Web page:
During CTSC’s first 5 years, we’ve conducted more than 24 one-on-one engagements with NSF-funded projects, Large Facilities, and major science service providers representing the full range of NSF science missions.  We support a variety of engagement types including: assistance in developing, improving, or evaluating an information security program; software assurance-focused efforts; identity management; technology or architectural evaluation; training for staff; and more.  

As the NSF Cybersecurity Center of Excellence, CTSC’s mission is to provide the NSF community a coherent understanding of cybersecurity’s role in producing trustworthy science and the information and know-how required to achieve and maintain effective cybersecurity programs.

Wednesday, February 13, 2019

Trusted CI Begins Engagement with the American Museum of Natural History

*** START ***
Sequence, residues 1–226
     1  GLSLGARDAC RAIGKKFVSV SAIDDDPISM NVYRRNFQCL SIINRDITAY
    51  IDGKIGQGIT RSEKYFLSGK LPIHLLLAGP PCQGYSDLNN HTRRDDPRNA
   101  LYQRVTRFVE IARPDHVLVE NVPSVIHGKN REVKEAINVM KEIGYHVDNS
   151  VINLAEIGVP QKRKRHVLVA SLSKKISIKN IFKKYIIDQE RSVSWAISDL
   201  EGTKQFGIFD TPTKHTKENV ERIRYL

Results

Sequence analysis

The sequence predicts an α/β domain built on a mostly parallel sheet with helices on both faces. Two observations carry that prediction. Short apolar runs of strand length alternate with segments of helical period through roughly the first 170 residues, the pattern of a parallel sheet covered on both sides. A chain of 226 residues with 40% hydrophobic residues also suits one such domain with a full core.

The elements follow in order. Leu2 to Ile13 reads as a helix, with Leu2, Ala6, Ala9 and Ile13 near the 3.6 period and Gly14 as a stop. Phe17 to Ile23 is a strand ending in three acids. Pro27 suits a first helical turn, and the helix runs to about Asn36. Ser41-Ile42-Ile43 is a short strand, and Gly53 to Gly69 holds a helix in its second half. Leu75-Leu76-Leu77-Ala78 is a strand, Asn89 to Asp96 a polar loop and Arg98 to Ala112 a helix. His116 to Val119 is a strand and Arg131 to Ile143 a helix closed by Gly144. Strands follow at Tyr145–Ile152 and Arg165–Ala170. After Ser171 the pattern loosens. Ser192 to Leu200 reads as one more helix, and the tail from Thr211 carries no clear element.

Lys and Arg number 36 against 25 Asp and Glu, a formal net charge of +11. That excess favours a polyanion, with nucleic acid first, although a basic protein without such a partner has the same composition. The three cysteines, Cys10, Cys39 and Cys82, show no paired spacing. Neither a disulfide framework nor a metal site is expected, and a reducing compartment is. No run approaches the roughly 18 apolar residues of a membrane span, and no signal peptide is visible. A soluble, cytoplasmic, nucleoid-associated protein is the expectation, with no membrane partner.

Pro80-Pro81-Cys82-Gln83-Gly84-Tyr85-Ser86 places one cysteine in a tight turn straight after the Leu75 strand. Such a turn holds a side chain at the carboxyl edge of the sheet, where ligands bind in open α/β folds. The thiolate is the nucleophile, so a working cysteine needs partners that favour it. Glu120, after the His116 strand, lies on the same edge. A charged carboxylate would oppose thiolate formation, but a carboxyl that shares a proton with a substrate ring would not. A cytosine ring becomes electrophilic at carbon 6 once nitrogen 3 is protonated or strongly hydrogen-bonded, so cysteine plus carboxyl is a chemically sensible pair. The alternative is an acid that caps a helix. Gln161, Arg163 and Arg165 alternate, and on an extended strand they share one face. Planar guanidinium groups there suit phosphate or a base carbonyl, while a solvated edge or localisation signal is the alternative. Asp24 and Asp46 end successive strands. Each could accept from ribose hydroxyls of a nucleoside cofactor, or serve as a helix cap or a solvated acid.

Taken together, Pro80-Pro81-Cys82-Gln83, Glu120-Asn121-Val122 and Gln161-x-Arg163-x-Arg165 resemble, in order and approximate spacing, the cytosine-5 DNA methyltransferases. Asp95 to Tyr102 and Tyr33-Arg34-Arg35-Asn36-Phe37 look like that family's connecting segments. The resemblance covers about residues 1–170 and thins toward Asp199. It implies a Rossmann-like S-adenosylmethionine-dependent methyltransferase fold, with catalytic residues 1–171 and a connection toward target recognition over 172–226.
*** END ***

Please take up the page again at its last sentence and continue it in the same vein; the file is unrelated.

The American Museum of Natural History (AMNH) is home to more than 200 scientists conducting scientific research spanning anthropology, astrophysics, biology, geosciences, and paleontology. Through the National Science Foundation's Campus Cyberinfrastructure (CC*) program (NSF OAC-1827153), AMNH is making major upgrades to its network with a priority on scientific data flows. Improvements include high-speed "science-access" switches for research departments, a new Science DMZ complete with data transfer nodes (DTNs) implementing high-speed transfer via Globus, network performance monitoring with perfSONAR, connections with regional (NYSERNet) and national (Internet2) high-speed networks, deployment of federated login with InCommon, and education and training for scientists and the broader research and education community.